The local art association sent out notices of a show called "Our Human Condition,  Figures and Portraits".  This is the perfect opportunity for me to paint my first complete portrait, but who do I choose to paint?  I went through all my photos and decided on a photo I took last July of the young daughter of some friends.  Her name is Kelsey and she was eating a cupcake.  Of course it was all over her face and her expression was, am I in trouble?

     It was an adorable shot and one that I knew would make a really nice painting if I could capture it.  I had to do this one in acrylics because oils would not be dry by the entry deadline, but at least I saw the notice in time to do an acrylic painting!

     Choosing an 11 x 14 linen canvas, I printed out the photo and transferred the photo to the canvas using the grid method.  Then I got to work.  This is a head shot with her right up against the table, her mouth barely clearing it and her little hand beside the cupcake.  I got the form of her head, hair and the background done and then started blocking in her features.  I was constantly checking my measurements with a caliper and my brush.  Even so, I could tell there were some minor measurements that were off.  Did I say this is my first official portrait?  Well, I was getting a little frustrated so I contacted my cousin in Pennsylvania who does portraits on porcelain professionally.  She is very good and teaches portraiture.  She critiqued my painting and gave me some really good pointers.  When I applied her suggestions,  the portrait came into focus and looked like my subject!  They were minor adjustments, but critical nonetheless.

     When I showed the portrait to my friends, they instantly recognized their daughter and asked for the painting!  I had not told them I was doing it and I'm not even sure they knew that I'm an artist.  That surprised me, as I've known them since they were young.  Long story short,  I told them it was to go into the show for a month, but after that they could get it from me.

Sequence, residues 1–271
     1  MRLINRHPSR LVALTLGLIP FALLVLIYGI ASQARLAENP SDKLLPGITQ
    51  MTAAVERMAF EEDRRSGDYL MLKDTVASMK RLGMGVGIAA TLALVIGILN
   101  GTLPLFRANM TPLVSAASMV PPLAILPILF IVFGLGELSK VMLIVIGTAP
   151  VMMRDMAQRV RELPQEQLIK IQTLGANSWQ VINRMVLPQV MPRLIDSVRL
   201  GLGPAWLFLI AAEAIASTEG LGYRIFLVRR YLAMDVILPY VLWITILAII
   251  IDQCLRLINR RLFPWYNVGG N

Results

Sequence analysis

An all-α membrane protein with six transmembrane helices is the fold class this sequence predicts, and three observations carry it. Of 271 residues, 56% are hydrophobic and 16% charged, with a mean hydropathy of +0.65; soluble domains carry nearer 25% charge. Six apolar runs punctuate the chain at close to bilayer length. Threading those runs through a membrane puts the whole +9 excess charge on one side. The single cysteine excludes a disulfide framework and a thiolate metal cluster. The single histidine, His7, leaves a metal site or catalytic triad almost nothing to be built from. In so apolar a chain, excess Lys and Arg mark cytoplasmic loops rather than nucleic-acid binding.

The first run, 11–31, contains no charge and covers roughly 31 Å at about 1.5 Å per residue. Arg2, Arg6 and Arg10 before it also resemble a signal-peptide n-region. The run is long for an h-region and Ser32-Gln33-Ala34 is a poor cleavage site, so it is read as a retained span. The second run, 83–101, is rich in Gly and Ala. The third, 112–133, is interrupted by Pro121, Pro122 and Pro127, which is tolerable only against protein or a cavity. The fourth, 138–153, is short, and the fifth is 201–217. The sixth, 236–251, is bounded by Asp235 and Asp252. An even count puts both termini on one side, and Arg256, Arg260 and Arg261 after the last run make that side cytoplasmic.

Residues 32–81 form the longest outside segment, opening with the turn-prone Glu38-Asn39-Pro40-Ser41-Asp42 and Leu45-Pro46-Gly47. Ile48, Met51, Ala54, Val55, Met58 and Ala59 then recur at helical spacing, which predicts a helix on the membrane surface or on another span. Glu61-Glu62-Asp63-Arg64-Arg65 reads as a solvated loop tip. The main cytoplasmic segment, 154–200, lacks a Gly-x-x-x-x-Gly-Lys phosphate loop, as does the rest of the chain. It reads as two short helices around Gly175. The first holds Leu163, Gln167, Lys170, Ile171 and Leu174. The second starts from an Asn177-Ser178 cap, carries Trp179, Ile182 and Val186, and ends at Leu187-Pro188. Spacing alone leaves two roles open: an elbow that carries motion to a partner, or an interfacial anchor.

While this is not the quality of an oil portrait, I feel it is very good considering the difficulty of getting subtle shading in acrylics.  Thank goodness I have some experience in doing that and using retarders helped.  Plus, getting the skin glow in acrylics can be extremely difficult.  So all things considered, I am proud of this portrait.

     I have photos of the process below, as well as the photo I painted from.  I hope you like it! I certainly enjoyed doing this portrait, and I am determined to do many more, only they will be in oils!  A suggestion if you want to do portraits, go to a craft or office supply store and pick up a pack of transparent sheets for printing.  If you have an Excel program on your computer, draw up a grid with the lines 1/4" apart vertically and horizontally and print it out on the transparent sheet.  Use it to make
comparisons of your subject and your painting.  It is invaluable for getting the likeness correct!  Hint: The subject in your photo and the painting must be the same size for this to work!

This is miss Kelsey/ 4 years old
First I printed out her picture, then I made grid lines all across and down the photo about 1" apart

  Here, I have transferred those grid lines to the 11 x 14 canvas and matching the lines on photo, I transferred Kelsey to the canvas

 I have blocked in the features of her face and shoulders.  Notice that I have the print-out of her face right next to my canvas so I can quickly refer to it.

       I have made some progress with the portrait, but it's not looking a lot like Kelsey at this point.

  At this point, I contacted my cousin.  She helped me to zero in on some of the problems that needed to be corrected.  Again, this is my first portrait!  To start with, I had her forehead too wide and her cheek was too wide, plus her mouth was too far below her nose.  I put the cupcake and icing in too soon obviously!  Kelsey has a slight lazy eye, but I don't want to emphasize it in the portrait while I do want it to look like her.  That's tricky!

It's looking better, but I still don't think that the portrait is close enough to Kelsey's likeness.  The mouth is still to low and her chin is too round.  I also have her left eyebrow too close to her nose.

This one looks much better!  Remembering that this is acrylics, not oils,  I think it is looking pretty good.  It is very difficult to get the subtle variations in shading with acrylics so I must go very slowly.
I''m going to contact my cousin again and have her do a final critique for me, but I am much happier than I was.  I think it is very close to being done.

     After studying the painting and comparing it to the print-out of my photo (which wasn't the best quality) I realized that I had her tongue wrong. In the photo, her tongue was actually curled up.  So, back to the easel again!  While I was at it,  I did some minute comparisons and found her right eye was up too high and her right eyebrow was too close to her nose.  That too was corrected.  Finally,  I moved her hair band over to the right to center it better, made it yellow to match her top and refined her fingers and shadows under her eyes.  Just a few minor touches and I think she's done and off to the show!  I went out to get a frame and the final photo is below for your enjoyment!  See you next Friday!

"Caught ya, Kelsey!"
11 x 14
Acrylic on linen 

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